Revolut updates status to 'unicorn'

Challenger bank Revolut has raised another £179m in Series C funding to take it to a unicorn status valuation of £1.2bn. The fintech start-up has recently added cryptocurrency capabilities, and with almost 2m customers, is currently signing up between 6,000 and 8,000 more each day.

PRA warns insurers over lending standards of equity release mortgages

The Prudential Regulation Authority has warned that UK life insurers appear to have weakened their underwriting standards on equity release mortgages.


Whitbread break-up sought by investors

Sachem Head and Elliott Advisors are set to lobby for Whitbread to break up faster than the firm’s stated two-year timeframe. Alison Brittain, Whitbread chief executive, had said the company’s plan would allow both its Costa Coffee and Premier Inns businesses to “maintain momentum” and complete “critical and complex transformation and infrastructure objectives”.


Despite record profit, Samsung warns of phone fatigue

As a result of the popularity of its flagship smartphone and increasing demand for its chips, Samsung Electronics has posted record profits for a fourth consecutive quarter. Net profits for the first quarter were 11.7tn won (£7.7bn).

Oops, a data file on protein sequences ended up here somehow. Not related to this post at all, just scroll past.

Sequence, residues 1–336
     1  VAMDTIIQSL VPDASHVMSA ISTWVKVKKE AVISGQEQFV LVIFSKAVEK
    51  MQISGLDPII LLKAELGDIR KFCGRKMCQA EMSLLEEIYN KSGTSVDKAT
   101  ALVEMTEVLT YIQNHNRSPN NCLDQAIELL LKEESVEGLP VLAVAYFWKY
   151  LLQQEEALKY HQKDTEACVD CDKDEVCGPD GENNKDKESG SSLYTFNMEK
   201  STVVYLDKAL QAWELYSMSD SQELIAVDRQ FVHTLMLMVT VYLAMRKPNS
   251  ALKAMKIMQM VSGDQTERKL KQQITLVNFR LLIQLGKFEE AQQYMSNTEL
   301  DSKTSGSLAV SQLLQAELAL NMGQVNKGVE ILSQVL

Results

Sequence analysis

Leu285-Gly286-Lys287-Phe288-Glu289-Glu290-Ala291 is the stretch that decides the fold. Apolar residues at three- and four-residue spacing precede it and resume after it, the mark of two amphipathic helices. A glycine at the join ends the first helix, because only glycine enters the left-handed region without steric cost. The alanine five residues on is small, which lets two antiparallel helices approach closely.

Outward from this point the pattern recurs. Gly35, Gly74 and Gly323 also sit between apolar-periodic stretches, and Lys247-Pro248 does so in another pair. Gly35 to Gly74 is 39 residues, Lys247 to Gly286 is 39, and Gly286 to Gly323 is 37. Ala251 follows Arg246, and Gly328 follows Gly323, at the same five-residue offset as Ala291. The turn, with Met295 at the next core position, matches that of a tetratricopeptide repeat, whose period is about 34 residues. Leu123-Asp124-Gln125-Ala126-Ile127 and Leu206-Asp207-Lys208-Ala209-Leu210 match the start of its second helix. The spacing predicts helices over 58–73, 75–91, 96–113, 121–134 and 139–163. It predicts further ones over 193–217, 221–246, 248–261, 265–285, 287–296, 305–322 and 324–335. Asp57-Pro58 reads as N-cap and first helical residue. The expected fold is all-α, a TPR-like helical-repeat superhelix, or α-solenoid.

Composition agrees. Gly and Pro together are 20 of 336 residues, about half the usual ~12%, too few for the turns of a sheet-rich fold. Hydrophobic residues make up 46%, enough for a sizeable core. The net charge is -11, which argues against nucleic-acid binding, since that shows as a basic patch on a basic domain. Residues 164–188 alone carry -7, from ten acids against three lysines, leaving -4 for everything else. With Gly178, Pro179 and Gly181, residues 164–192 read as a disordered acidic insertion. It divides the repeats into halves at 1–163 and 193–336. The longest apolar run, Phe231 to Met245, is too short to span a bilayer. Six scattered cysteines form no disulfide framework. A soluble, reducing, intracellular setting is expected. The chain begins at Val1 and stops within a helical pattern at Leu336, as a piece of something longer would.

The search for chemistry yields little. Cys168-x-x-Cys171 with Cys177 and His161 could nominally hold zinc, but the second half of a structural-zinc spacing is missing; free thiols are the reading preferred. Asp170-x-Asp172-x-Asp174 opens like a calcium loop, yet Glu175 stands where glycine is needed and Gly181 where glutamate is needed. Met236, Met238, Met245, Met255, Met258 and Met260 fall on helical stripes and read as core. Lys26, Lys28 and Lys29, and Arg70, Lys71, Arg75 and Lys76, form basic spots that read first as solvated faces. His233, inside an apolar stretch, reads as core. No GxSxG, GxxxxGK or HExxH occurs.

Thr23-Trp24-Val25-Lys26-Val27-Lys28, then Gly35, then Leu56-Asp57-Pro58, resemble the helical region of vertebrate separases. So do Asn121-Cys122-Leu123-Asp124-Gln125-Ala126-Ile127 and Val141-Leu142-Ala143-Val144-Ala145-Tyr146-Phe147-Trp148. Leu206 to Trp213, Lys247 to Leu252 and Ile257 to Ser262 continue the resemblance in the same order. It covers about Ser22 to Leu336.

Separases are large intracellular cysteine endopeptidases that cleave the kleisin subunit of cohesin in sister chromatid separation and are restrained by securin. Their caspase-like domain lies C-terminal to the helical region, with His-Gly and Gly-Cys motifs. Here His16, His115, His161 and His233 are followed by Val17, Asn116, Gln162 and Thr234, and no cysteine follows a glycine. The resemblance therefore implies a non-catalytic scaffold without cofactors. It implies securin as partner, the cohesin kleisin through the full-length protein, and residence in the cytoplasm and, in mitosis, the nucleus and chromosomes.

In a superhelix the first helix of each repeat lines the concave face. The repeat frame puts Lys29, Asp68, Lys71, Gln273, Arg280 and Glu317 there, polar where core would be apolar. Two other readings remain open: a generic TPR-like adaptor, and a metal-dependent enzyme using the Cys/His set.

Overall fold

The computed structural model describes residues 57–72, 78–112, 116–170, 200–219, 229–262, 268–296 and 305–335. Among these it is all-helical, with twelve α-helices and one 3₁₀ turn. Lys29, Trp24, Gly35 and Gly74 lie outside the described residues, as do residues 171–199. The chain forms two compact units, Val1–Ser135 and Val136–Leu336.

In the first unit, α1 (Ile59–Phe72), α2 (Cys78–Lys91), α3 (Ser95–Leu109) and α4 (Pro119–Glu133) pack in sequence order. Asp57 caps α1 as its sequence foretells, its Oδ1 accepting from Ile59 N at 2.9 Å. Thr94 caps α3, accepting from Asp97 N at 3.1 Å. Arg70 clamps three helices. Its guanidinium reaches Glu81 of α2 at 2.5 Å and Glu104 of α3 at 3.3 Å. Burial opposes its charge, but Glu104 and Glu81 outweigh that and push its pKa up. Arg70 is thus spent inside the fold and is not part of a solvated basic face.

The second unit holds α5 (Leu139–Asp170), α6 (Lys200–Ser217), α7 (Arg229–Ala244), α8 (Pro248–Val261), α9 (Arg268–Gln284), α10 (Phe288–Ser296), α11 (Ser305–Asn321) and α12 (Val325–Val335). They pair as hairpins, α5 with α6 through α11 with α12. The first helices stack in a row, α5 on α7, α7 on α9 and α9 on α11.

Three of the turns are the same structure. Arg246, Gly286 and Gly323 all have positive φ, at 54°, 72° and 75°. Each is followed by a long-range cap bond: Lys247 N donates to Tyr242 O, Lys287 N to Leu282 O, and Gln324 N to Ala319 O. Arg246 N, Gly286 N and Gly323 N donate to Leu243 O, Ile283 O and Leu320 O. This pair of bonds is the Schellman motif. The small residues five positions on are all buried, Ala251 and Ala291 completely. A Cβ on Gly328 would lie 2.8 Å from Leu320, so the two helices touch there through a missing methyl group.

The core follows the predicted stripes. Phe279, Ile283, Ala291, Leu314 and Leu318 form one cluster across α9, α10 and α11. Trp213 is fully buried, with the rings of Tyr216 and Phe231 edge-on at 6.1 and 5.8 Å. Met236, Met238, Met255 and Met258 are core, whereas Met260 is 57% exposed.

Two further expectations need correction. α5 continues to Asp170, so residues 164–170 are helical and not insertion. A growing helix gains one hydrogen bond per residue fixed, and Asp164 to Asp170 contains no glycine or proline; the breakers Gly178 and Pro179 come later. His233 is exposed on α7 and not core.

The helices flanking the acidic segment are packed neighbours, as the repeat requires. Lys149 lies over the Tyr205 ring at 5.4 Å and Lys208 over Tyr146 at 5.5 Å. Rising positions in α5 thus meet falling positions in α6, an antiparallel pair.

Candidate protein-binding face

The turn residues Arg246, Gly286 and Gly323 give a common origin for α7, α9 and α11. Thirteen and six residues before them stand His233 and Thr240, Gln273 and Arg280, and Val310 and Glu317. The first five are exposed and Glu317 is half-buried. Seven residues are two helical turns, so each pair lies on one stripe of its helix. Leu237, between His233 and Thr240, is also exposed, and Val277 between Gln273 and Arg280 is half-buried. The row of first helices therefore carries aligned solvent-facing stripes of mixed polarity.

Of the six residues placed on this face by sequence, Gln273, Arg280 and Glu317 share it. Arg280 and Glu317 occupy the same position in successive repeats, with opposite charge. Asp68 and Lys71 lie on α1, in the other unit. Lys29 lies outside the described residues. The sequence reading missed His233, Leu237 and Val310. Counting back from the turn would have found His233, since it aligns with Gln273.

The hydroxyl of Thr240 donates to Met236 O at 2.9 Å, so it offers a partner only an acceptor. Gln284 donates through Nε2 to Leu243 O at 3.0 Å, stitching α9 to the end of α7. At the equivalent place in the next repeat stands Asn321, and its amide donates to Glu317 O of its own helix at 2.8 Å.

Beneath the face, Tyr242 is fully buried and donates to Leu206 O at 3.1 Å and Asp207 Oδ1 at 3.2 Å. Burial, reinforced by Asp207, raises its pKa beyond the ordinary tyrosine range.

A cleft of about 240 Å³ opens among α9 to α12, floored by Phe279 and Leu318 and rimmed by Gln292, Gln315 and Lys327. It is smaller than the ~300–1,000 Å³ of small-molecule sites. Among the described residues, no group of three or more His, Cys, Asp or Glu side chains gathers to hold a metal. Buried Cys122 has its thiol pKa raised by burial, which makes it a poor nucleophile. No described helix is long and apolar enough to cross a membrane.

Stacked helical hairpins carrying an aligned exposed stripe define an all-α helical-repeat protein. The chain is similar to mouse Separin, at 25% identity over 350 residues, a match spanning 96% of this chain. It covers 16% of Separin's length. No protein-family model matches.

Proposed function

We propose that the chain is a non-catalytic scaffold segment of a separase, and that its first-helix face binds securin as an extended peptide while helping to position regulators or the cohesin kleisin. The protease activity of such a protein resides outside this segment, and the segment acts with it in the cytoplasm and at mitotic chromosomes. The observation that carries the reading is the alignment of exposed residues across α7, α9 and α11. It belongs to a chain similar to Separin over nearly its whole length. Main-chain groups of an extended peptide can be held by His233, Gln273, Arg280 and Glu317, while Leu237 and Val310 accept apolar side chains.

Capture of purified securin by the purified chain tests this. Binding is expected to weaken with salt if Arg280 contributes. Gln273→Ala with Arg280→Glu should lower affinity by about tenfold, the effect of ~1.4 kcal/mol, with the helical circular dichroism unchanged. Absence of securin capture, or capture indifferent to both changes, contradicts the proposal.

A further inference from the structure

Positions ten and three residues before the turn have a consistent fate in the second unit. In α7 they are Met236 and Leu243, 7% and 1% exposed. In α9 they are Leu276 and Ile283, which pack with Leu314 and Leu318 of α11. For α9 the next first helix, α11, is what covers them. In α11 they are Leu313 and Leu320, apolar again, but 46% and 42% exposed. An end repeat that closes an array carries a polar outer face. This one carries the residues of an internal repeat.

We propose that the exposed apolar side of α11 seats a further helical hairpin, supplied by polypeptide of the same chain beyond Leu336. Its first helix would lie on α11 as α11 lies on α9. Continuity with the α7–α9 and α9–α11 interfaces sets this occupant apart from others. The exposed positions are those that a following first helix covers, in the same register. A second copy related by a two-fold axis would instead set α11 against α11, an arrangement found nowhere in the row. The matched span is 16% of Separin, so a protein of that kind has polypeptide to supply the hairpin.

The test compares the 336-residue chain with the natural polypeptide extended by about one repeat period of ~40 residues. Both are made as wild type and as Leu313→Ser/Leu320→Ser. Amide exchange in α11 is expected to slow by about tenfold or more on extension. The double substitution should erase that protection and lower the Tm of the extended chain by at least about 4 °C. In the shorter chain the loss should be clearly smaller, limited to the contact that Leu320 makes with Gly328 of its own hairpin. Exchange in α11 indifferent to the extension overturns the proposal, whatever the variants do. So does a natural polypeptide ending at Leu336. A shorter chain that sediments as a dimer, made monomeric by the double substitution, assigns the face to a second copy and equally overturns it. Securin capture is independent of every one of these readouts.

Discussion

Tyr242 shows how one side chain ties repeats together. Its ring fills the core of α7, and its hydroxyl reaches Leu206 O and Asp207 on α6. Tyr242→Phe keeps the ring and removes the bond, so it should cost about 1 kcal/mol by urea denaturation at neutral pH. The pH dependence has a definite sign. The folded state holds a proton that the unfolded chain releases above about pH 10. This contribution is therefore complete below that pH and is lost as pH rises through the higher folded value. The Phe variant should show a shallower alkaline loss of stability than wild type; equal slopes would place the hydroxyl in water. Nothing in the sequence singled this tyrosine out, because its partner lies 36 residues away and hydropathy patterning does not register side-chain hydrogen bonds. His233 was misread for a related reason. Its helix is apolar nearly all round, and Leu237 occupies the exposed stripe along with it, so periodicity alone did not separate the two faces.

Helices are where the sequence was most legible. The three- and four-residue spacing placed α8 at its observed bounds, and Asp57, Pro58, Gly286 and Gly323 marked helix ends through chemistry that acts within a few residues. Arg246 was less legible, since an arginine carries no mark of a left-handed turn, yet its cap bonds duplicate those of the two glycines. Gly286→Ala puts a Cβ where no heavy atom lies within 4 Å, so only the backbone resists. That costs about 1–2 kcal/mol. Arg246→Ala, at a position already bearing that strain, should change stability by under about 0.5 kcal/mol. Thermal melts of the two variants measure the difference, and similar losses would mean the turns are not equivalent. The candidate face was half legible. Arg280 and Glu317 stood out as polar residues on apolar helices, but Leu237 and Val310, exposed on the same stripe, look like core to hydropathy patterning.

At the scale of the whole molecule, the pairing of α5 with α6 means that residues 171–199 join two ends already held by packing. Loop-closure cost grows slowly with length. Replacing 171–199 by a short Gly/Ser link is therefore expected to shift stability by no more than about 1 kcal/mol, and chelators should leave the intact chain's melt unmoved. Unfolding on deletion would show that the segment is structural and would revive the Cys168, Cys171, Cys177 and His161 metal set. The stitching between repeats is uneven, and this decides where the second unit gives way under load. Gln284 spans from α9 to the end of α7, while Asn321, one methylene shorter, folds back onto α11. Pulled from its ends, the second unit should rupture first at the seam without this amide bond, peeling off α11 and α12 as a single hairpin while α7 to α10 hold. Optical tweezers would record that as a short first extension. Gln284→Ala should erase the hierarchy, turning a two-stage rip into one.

BT warned it must invest in technology

Sharon White, chief executive of Ofcom, has warned BT that it risks sliding into irrelevance if it neglects investment in new technology, as mass implementation of faster broadband speeds for consumers and businesses continues to gather pace.


Mortgage lending fell in March

Gross mortgage lending dropped 2.3% in March, compared to the same month last year, to £20.5bn, according to reports, with house purchase approvals also falling 21%. Mortgage approvals were 15% lower, the second lowest level (after December 2017) since January 2015.


Carpetright creditors approve store closures

Creditors of Carpetright have approved 81 closures as part of a turnaround plan. A majority of the home furnishings chain's creditors voted to approve the company voluntary arrangement (CVA) yesterday. Wilf Walsh, chief executive of Carpetright, said: "Addressing our legacy property issues to reduce our fixed costs to sustainable levels is critical to securing Carpetright's recovery".

Elliott Advisors buys Waterstones

US hedge fund Elliott Advisors has bought Waterstones, with James Daunt, the latter’s chief executive, describing it as a “very happy outcome” which would enable the bookshop chain to move forward with its growth plans.


ECB says Eurozone momentum slowing

Speaking yesterday after a meeting of the European Central Bank's governing council, president Mario Draghi noted that there had been "a loss of momentum that is pretty broad-based across countries and all sectors". However, he also spoke of his “unchanged confidence” of moving towards the bank's inflation target of just below 2%.

Consumer confidence in UK remains flat

Casting doubt on British shoppers’ ability to support wider economic growth, measures of UK consumer confidence fell last month. GDP growth slowed from the 0.4% quarterly expansion rate late last year, the ONS is expected to announce today.